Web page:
Business Development

10
Oct
2016

Business Development:

5 ways to get more clients and keep the ones you have

John C. Trimble
Columbus, OH



In these challenging economic times clients are using greater care in the consumption of legal services. As technology has made it possible for clients to request that law firms bill electronically, the business and insurance worlds have begun studying the efficiency and expense of law firms through the creation of “metrics” that can be used to grade lawyer and law firm performance. With the information that is being generated about law firm performance, clients are making decisions as to which firms to select or retain as panel counsel. They are looking at individual lawyers within law firms to select the lawyers they wish to hire and the lawyers who they will prohibit from handling their cases. They are also looking at efficiency, cost per case, and outcomes in deciding whether to grant fee increases.

At the same time that sophisticated clients have begun measuring the metrics of their law firms, they have also established litigation guidelines and budgets that are intended to enable them to manage litigation more closely. Reliable anecdotal information suggests that clients are becoming more demanding in compliance with guidelines, and increasingly they are holding law firms and lawyers accountable for budget accuracy.

It would be easy to see metrics, guidelines, and budget constraints as an intrusion into our profession and an annoying burden. However, smart lawyers understand that these aspects of our business are here to stay. If you can view these developments as an opportunity to excel and grow your business, your practice will grow and prosper!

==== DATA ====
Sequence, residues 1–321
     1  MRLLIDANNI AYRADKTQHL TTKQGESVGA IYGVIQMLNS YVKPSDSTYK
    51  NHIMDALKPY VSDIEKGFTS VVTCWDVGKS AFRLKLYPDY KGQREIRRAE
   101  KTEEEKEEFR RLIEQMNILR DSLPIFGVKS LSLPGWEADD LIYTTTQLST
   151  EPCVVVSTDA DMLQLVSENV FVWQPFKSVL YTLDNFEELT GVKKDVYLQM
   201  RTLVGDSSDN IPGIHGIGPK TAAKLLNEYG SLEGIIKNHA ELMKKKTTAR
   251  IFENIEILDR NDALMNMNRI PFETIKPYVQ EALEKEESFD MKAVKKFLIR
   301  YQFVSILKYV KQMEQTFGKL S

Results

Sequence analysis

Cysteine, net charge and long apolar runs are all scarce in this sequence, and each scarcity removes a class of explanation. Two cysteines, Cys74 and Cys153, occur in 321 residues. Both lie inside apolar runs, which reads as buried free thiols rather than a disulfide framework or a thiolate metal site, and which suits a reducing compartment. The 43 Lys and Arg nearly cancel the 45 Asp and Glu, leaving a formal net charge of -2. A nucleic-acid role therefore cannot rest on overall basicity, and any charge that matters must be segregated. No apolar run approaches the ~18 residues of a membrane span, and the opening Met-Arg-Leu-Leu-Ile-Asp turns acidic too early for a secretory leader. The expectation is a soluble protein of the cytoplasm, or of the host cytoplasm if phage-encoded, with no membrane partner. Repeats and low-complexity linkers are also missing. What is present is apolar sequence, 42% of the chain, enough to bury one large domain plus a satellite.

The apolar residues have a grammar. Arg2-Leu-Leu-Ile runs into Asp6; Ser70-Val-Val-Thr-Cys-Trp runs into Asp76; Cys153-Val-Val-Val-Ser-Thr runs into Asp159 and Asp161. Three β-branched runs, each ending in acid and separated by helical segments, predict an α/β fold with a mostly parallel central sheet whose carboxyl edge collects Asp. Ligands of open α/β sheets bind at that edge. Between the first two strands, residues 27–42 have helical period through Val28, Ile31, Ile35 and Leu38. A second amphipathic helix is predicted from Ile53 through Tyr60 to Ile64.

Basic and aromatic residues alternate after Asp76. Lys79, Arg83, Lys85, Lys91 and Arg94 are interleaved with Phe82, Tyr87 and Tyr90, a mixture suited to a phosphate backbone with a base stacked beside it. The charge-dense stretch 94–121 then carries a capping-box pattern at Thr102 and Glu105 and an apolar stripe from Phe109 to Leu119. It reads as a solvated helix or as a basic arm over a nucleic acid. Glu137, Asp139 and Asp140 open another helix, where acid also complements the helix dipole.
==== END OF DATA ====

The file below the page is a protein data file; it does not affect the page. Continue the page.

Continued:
1. Close cases as quickly as possible.

The first and easiest measurement of importance to clients is cycle time. This element is very simple: The client keeps track of the average time that a law firm or lawyer has a case open from the date it is assigned to the date it is closed. This metric is measured because businesses understand that the older a case becomes, the more expensive it tends to be. Smart lawyers and law firms understand that they should track the average age of a case, and they should use extra care to shorten case cycle times. This means that lawyers need to be attentive to case management plans, and they should do everything in their power to move a case from start to finish as rapidly as possible. Furthermore, law firms should do everything in their power to get a case closed as quickly as possible once a settlement has been reached.

2. Assign cases to the lowest competent biller.

Another important metric is case staffing. (The specific metric is usually referred to as the “effective” rate, and it represents the blending of the rates of all timekeepers over the life of a case.) Businesses and insurance companies now have the ability to look at a law firm or a litigation partner and assess whether law firms staff their cases properly and according to guidelines. They are looking to see whether work is being performed at partner rates, associate rates, or paralegal rates, and they are attracted to law firms in which cases are handled effectively by the lowest billable person. They are also now actively comparing how one firm’s “effective” rate per case compared to another in the terms of the way a firm staffs cases. Like cycle time, case staffing and “effective” rate are aspects of litigation management that law firms can easily study and for which they should establish best practices. Whether you are a partner or an associate on a file, you should be mindful that work ought to be performed by the lowest competent biller so that the effective rate for all work on the case is as low as reasonably possible.